Defend Trade Secrets Act of 2016
This newly signed law strengthens the protections for whistleblowers who report illegal practices to the government, particularly with regards to trade secrets. In the past, employees who signed “gag orders” or non-disclosure agreements were hampered in their ability to report malfeasance, particularly in the realms of military contractors and pharmaceuticals, two of the industries that are most commonly sued by whistleblowers in qui-tam lawsuits.
There are a few key provisions of the law, designed to close loopholes used by these companies.
- An individual cannot be held criminally or civilly liable for disclosure of a trade secret made in confidence to a federal, state or local government official, or to an attorney for the sole purpose of reporting or investigating a suspected legal violation.
- An individual cannot be held liable for disclosure of a trade secret in a complaint or other lawsuit related document if the filing is made under seal.
- An employer is required to provide notice of the immunity relating to lawful disclosures in any contract or agreement with an employee that governs the use of a trade secret or other confidential information.
- An employer must provide the notice of whistleblowing immunity to maintain eligibility for exemplary damages or attorneys’ fees in litigation for unprotected disclosures.
By strengthening whistleblower protections and asserting the primacy of those protections over non-disclosure agreement, the law helps defend whistleblowers and ensure that people come forward when they are aware of wrongdoing by healthcare providers, contractors, pharmaceutical companies, and other entities that work with the government. However, it is vitally important that potential whistleblowers contact an attorney who handles qui-tam cases. Reporting information and retaining whistleblower protections can be a complicated process, and an attorney can help you avoid waiving your rights when you report wrongdoing.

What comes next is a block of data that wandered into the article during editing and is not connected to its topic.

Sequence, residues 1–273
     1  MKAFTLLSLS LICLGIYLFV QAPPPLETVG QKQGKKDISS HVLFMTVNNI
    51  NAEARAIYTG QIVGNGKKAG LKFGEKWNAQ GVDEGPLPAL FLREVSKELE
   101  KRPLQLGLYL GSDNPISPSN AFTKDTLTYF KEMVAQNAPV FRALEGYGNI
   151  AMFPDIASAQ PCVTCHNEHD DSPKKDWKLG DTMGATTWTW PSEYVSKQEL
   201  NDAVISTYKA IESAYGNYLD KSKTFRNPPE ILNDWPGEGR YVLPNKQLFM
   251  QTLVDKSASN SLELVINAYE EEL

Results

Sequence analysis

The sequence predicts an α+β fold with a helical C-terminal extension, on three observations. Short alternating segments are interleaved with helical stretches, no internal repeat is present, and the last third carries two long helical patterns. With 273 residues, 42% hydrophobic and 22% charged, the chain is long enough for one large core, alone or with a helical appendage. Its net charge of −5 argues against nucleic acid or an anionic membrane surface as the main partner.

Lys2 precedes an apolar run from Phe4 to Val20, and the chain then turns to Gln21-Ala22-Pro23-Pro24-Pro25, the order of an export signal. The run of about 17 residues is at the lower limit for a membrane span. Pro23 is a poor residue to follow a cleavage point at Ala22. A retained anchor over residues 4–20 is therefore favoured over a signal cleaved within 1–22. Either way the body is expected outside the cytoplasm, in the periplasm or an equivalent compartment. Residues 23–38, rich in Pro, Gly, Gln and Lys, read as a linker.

The False Claims Act, which has been in place since the Civil War, allows individuals to sue companies that are defrauding the government. To qualify as a qui-tam litigant, a person must have information not available to the public, which puts them in a unique position to blow the whistle on corrupt or fraudulent practices. These whistleblowers act on behalf of the government, and generally are allowed to keep about 10% of any recovery the government makes.
Since whistleblowers are in invaluable tool to help prevent companies from defrauding the government, they are offered significant legal protection from retribution from their employers. They cannot be harassed or fired as a result of their whistleblowing actions, and are allowed to retain anonymity to protect against biased decisions in promotions and other matters.
Industries that are frequent subjects of qui-tam lawsuits often claim that these protections, and the frequent use of what they claim are overly burdensome judgements, are detrimental to their industries, and have long sought to curb the power of the False Claims Act. However, lawmakers have recently done the opposite, with the passage of the Defend Trade Secrets Act of 2016.
To speak with one of the California qui-tam/whistleblower attorneys at Evans Law Firm, please contact out office at (415) 441-8669, or by email at email@example.com. Our lawyers have a great deal of experience in steering False Claims Act actions, as well as a deep understanding of the healthcare industry, nursing facilities, and caregiving services.